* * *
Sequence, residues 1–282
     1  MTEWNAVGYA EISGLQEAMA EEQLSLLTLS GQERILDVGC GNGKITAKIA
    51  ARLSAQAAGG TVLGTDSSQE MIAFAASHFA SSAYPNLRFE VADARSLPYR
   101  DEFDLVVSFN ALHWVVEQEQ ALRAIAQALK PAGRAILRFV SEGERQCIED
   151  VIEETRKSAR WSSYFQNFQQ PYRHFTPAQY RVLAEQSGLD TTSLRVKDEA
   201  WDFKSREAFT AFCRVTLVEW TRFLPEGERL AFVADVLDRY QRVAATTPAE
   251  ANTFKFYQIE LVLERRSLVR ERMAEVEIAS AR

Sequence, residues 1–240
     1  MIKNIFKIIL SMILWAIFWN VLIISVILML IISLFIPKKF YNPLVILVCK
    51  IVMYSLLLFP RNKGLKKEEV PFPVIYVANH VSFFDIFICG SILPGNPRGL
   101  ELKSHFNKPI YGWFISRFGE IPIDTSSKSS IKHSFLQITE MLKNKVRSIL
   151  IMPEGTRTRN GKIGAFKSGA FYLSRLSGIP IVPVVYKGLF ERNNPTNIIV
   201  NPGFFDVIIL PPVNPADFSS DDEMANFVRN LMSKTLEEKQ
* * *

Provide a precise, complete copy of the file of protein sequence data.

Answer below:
Sequence, residues 1–282
     1  MTEWNAVGYA EISGLQEAMA EEQLSLLTLS GQERILDVGC GNGKITAKIA
    51  ARLSAQAAGG TVLGTDSSQE MIAFAASHFA SSAYPNLRFE VADARSLPYR
   101  DEFDLVVSFN ALHWVVEQEQ ALRAIAQALK PAGRAILRFV SEGERQCIED
   151  VIEETRKSAR WSSYFQNFQQ PYRHFTPAQY RVLAEQSGLD TTSLRVKDEA
   201  WDFKSREAFT AFCRVTLVEW TRFLPEGERL AFVADVLDRY QRVAATTPAE
   251  ANTFKFYQIE LVLERRSLVR ERMAEVEIAS AR

Sequence, residues 1–240
     1  MIKNIFKIIL SMILWAIFWN VLIISVILML IISLFIPKKF YNPLVILVCK
    51  IVMYSLLLFP RNKGLKKEEV PFPVIYVANH VSFFDIFICG SILPGNPRGL
   101  ELKSHFNKPI YGWFISRFGE IPIDTSSKSS IKHSFLQITE MLKNKVRSIL
   151  IMPEGTRTRN GKIGAFKSGA FYLSRLSGIP IVPVVYKGLF ERNNPTNIIV
   201  NPGFFDVIIL PPVNPADFSS DDEMANFVRN LMSKTLEEKQ